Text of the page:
The sight of garment workers defying social-distancing protocols to organize roadblocks and human chains have become all-too-familiar in Bangladesh. These protests are rarely successful, and demonstrators have faced violent attacks, suspension, and blacklisting. Practices such as retaliatory dismissal are rampant in the garment sector, as is the likelihood of false charges brought against any worker who dissents. Additionally, the authoritarian nature of the state makes speaking out against any form of repression difficult and risky.
Fear of arbitrary dismissal is constant in the industry. In late April, workers who had left Dhaka during the national lockdown (or general holiday, as the government put it) rushed back when they were informed that factory production was to resume. In the absence of public transportation, they traversed hundreds of kilometers on foot. Many had not been paid in several months and feared that if they did not appear for work on time, factory authorities would have an excuse to fire them without payment.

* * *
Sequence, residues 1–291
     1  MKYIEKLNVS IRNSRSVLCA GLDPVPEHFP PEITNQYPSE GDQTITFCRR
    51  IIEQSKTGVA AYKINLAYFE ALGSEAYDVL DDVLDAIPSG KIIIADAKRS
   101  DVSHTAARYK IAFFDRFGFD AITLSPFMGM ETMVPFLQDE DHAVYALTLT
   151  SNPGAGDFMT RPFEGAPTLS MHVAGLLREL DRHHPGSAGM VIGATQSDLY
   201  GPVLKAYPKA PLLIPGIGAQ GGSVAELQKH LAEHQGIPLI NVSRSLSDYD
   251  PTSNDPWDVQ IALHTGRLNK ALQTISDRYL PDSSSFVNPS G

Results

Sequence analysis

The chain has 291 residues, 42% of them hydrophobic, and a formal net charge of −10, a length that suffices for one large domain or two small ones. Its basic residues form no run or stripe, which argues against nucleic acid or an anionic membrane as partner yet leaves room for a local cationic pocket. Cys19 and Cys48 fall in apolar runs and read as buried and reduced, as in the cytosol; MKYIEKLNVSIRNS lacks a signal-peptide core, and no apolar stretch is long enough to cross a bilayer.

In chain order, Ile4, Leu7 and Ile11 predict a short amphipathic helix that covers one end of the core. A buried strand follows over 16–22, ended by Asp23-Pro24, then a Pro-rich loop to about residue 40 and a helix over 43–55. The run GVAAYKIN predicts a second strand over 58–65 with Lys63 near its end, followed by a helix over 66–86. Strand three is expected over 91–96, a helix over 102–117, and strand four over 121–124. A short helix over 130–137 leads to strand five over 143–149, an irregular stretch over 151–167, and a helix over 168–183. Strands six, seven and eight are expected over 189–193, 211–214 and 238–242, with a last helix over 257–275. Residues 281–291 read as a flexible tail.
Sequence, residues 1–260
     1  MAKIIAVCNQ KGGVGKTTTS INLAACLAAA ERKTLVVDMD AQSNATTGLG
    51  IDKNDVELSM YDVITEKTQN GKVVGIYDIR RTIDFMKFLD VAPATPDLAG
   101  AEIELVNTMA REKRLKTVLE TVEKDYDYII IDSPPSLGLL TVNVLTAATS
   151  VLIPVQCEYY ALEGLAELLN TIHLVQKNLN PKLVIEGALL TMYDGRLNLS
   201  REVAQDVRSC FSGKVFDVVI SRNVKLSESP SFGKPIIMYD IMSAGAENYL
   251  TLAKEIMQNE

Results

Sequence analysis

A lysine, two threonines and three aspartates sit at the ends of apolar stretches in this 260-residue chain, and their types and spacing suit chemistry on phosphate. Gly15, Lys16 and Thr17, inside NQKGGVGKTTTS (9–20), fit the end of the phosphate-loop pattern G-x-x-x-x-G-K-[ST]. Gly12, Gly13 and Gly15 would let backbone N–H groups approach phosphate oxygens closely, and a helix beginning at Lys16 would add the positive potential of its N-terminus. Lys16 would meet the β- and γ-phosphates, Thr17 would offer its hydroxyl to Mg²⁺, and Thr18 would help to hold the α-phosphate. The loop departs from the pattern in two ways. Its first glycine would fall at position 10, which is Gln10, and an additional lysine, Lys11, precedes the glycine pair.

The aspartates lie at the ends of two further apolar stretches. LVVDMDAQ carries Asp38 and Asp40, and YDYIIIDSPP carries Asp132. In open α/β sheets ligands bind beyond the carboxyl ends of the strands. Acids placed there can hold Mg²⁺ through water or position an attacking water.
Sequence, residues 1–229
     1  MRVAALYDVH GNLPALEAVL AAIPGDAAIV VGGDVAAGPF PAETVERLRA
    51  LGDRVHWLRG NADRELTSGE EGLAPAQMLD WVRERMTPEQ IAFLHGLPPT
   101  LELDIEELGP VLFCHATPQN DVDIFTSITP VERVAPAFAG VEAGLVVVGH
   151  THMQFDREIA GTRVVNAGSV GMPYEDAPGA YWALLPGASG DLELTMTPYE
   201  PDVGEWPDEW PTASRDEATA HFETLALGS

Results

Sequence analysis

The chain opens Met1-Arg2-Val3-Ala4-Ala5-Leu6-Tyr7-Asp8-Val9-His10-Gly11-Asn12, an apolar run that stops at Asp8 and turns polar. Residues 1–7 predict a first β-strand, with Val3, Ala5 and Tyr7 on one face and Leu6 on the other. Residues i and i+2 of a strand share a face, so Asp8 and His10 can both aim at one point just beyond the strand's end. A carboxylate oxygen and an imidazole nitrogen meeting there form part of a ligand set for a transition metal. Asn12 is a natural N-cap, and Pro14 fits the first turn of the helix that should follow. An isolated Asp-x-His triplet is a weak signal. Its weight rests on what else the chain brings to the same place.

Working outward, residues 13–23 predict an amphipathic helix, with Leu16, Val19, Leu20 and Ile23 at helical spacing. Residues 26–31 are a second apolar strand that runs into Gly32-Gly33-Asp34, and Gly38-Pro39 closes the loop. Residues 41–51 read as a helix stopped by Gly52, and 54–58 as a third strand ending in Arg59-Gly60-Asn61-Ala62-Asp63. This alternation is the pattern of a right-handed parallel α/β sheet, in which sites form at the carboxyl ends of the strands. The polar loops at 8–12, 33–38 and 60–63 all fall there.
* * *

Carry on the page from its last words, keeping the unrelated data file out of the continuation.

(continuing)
Once in Dhaka, workers were told they had been misinformed and instructed to return to their villages. This scenario played out twice, highlighting the shocking indifference on the part of policymakers and stakeholders toward workers’ lives. The Bangladesh Garment Manufacturers and Employers Association (BGMEA), the powerful industrial lobby, refused to take responsibility for the “confusion,” placing the blame instead on government miscommunications and the circulation of rumors. Garment workers found themselves newly expendable and stigmatized as potential carries of the COVID-19, their forced mobility interpreted as irresponsible. Turned away by landlords and shunned by relatives, they were cast as unruly citizens intentionally ignoring the lockdown.
Beyond the Myth of Supply Chain Empowerment